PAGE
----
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Is this ancient system the secret to the modern health crisis?



Dr Ranna is chief medical officer at cannabis education company Endoverse
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Thirty years after its discovery, a UK company seeks to drive awareness of the endocannabinoid system and train medical professionals in the newly found field of ‘Endocannabinology’.

Research has linked the endocannabinoid system to sleep, fertility, stress, nerve function, digestion, appetite, metabolism, mood and inflammation. But most people have never heard of it.

Former vascular specialist, Dr Ranna is Chief Medical Officer at Endoverse, a company on a mission to educate the general public and inform medical professionals about the benefits of endocannabinology – the study of the endocannabinoid system (ECS).

The endocannabinoid system is a lipid signalling system which takes care of the body’s homeostasis, or its ability to maintain a stable internal state. The ECS achieves this through the activation of receptors; the most well-known being CB1, which is found in various organs in the body, and CB2, which is primarily affects the body’s immune system.

As the UK’s first organisation dedicated to balancing the endocannabinoid system, the company hopes to recruit medical professionals in the UK to take part in training programmes and gain a certification in the emerging field of ‘endocannabinology’.

Speaking to Cannabis Health, Dr Ranna explains: “ECS is involved with every function in our body and the balance of it is directly related to our health status.”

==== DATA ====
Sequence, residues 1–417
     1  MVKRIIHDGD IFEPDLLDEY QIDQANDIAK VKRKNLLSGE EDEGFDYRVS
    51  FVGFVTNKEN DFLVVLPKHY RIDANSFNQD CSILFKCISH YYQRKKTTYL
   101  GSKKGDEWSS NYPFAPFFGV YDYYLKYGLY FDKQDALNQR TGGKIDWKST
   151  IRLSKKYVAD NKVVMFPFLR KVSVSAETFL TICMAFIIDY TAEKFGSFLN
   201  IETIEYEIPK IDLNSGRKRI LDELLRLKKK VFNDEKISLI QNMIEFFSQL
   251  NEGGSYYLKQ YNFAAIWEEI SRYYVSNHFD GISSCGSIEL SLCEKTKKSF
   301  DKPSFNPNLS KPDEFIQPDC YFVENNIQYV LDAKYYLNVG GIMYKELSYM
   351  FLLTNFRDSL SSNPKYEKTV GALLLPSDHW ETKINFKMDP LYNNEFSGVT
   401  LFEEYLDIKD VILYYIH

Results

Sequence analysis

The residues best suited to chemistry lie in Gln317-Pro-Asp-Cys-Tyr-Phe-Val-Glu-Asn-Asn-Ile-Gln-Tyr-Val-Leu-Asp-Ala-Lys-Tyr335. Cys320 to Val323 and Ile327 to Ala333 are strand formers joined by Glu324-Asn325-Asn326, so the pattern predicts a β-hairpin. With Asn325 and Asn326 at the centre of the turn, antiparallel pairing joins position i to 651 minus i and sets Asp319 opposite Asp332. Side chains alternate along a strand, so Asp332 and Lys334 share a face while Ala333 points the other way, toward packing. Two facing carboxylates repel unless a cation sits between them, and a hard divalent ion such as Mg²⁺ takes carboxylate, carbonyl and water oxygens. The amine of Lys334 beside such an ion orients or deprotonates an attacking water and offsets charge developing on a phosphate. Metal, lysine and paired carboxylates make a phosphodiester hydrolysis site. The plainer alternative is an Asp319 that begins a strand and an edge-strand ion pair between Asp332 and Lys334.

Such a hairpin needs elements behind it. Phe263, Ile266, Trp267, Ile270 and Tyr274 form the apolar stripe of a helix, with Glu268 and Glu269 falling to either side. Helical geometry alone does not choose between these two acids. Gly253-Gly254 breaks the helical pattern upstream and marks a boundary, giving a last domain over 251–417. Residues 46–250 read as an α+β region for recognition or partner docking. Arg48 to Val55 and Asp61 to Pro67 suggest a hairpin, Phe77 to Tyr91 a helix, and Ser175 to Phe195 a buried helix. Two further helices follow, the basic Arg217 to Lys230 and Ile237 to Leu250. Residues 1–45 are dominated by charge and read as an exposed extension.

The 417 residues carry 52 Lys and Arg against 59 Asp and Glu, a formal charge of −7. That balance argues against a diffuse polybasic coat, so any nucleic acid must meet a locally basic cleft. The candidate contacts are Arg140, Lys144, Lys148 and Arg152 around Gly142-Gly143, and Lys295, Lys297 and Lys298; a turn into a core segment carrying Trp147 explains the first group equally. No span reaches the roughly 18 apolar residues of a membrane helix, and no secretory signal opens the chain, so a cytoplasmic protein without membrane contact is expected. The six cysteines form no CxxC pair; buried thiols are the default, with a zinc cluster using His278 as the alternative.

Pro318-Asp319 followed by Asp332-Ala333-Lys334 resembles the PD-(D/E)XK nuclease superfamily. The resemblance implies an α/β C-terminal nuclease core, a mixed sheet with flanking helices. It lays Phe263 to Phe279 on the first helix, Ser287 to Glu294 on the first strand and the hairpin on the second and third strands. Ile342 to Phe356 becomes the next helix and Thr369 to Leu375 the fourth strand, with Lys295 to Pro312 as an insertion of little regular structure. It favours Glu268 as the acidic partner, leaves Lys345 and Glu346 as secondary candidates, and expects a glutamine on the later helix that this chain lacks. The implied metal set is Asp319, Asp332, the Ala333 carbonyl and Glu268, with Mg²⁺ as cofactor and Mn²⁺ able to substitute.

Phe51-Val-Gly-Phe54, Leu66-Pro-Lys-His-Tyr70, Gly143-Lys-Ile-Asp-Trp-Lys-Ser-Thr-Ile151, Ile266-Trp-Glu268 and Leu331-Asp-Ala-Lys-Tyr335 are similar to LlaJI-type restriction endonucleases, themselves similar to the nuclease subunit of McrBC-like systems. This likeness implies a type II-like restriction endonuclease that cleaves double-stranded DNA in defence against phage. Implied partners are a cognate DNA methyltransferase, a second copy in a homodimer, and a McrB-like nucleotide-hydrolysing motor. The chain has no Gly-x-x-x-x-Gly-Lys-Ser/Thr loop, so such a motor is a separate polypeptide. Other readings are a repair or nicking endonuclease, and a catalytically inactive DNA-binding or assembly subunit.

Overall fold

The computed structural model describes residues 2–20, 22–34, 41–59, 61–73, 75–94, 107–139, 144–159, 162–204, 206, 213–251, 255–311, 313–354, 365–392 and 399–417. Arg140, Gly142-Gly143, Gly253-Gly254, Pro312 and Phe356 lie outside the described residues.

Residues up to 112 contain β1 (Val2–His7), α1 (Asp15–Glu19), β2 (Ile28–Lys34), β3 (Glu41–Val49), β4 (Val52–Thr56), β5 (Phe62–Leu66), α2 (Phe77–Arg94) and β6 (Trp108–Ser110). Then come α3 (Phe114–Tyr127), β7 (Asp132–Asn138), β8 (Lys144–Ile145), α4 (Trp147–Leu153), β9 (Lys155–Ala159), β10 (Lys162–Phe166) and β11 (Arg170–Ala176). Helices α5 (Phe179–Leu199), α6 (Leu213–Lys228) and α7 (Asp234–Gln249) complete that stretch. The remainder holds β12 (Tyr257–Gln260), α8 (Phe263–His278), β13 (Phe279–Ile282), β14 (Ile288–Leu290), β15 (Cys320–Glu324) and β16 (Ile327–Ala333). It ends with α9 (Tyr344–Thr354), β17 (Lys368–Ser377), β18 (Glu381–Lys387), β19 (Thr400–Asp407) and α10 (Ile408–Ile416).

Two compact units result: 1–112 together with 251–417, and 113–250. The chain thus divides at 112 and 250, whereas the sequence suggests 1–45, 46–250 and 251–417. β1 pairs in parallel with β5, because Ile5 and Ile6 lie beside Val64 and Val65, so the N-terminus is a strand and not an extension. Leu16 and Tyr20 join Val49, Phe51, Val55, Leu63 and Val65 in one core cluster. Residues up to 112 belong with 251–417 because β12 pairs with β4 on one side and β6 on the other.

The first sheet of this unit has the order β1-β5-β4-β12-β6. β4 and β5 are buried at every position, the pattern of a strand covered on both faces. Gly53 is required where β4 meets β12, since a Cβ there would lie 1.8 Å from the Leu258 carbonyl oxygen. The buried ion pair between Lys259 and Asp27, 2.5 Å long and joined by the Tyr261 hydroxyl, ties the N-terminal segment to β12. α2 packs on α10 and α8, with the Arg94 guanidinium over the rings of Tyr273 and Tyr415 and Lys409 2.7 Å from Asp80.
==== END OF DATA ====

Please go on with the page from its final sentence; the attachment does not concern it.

As the ECS was only discovered 30 years ago, academic understanding of it remains incomplete and there is still very little public understanding of how it affects the body and the mind.

Although the ECS was discovered as a result of research into THC, cannabis is just one of many ways to affect the function of the ECS.

In fact, Dr Ranna says that amongst the medical community, one of the main reasons it is misunderstood is because of its association with the controversial plant. But she asserts that it has “nothing to do with cannabis except in name”.

Dr Ranna says: “The complexity [of ECS] means that searching for evidence is complicated and the knowledge base surrounding the system is expanding every day.

“ECS is not only CB1, CB2 receptors and endocannabinoids. There is a growing family of other receptors and active molecules, including gut and microbiome, involved.”

Existing data suggests that the ECS is linked with a number of chronic health conditions. For example, there is strong evidence that the ECS is connected with epilepsy and metabolic syndrome.

For a short time, a medicine called Rimonabant was used for the treatment of metabolic syndrome. The substance blocked CB1 receptors which are primarily found in the brain as well as other parts of the body such as the liver.

Although the treatment successfully reduced appetite, cravings and fat, it had adverse side effects which increased anxiety and depression. It was quickly withdrawn for these reasons, however it proved that the CB1 receptors are involved in the regulation of metabolism.